“Come everybody listen while I sing, this high cost of living is a terrible thing. Every day you go into a store, prices hit the ceiling just a little bit more.”Oscar Brand’s version of a Woody Guthrie song


As a teacher, I knew I couldn’t teach if a student of mine was hungry. I made sure that every child had breakfast; I’d send a hungry child down to the cafeteria with a note to the cafeteria workers to please provide a breakfast. Many of my students received free or reduced breakfasts and lunches, but if they came in late, as many did, they’d miss breakfast, but NOT in MY class! Under my watch, every student had breakfast and lunch; even students who brought lunch from home, if they forgot it, I made sure they were fed. I also knew that if a student didn’t get enough sleep and fell asleep in my class, well, I let that child sleep. He/she couldn’t learn if tired…if hungry…if depressed. As teachers, we have to be very aware and observant of our students and their families and contact the proper support personnel in the school building to provide the necessary services for our families in need. Teachers are on the front lines and it’s up to them to serve and protect…Yes…it’s a War…a War on Poverty, On Violence, On Abuse, On Dysfunctional Families, On Inequality, On So Many Issues and Situations that affect our most vulnerable citizens from all over the world. Does anyone ever wonder how a teacher can teach when he/she has a multitude of student needs that must be addressed in order for their students to learn? When I think back on my long and successful career, I wonder…How did I do it?  How did I instill the love of learning…that learning is sweet, in my ever-changing classrooms?  RESPECT, and wow, does that one word contain a lot of stuff!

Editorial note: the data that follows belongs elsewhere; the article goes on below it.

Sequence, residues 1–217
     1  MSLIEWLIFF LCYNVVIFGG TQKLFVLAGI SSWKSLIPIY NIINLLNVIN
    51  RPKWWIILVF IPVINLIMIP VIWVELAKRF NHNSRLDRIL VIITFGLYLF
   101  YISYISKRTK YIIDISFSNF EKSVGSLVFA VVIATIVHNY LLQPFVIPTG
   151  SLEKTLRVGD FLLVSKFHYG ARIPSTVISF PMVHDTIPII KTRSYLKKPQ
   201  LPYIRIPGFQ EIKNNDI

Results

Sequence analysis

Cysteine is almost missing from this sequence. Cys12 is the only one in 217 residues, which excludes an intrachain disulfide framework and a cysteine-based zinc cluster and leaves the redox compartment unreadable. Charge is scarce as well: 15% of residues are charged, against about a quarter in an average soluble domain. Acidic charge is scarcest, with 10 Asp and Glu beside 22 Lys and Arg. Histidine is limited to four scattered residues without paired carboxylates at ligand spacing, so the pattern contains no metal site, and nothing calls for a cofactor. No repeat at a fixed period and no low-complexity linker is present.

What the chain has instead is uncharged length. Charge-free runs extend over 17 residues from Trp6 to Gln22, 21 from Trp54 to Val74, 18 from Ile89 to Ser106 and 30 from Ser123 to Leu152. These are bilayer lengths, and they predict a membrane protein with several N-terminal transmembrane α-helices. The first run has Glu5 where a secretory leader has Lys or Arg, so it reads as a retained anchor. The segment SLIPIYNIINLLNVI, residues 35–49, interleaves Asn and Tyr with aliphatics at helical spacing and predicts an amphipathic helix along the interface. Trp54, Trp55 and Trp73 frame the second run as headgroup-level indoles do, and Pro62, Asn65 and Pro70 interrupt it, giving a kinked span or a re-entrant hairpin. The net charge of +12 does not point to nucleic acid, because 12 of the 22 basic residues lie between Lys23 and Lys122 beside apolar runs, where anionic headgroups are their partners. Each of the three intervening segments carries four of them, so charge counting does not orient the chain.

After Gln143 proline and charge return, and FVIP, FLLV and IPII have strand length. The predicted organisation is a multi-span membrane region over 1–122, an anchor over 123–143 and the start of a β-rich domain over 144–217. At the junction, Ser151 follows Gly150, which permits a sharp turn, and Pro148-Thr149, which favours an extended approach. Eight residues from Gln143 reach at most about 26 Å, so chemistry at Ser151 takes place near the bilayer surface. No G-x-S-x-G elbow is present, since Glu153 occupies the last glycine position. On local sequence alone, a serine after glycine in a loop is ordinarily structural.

All the data you need is out there to document how poverty affects our society: on education; on physical and mental health; on the high school drop-out rates; on the future prison population., blah, blah, blah. “You don’t need a weatherman to know which way the wind blows!” The MAN, Bob Dylan, Subterranean Homesick Blues






“Low Bridge, Everybody Down.”-Erie Canal Song

Music doesn’t lie. If there is something to be changed in thisworld, then it can only happen through music.” – Jimi Hendrix

A little history for this Saturday, Oct. 26th: On this day in 1825,  The Erie Canal opened up in NYS. The Erie Canal used to be studied in elementary school and popped up on history exams. I always loved the song and shared it with my students. Through music we learned English, History, Map Skills, Tolerance, Social Justice…I know, I know, I”ve written this before!  Hey, maybe there are some new readers out there so pardon me for repetition. Teachers repeat…habit of the trade!!!  

“The Erie Canal opened up western New York, and much of the Midwest, to settlement and trade. Before the canal, it cost between $90 and $125 to ship a ton of cargo from Buffalo to New York City; after the canal’s completion, that same ton cost just $4. Within the first year, 2,000 boats, 9,000 horses, and 8,000 men were working to transport cargo on the canal.”The Writer’s Almanac with Garrison Keillor

Music brings history alive and I have always promoted its use in the classroom and tried to encourage teachers to sing to and with their students and that you didn’t need a good voice!!!  Just your enthusiasm for the music was enough to inspire students…believe me, I’ve sang flat many a time! 

“I’ve got an old mule and her name is Sal

Fifteen years on the Erie Canal

She’s a good old worker and a good old pal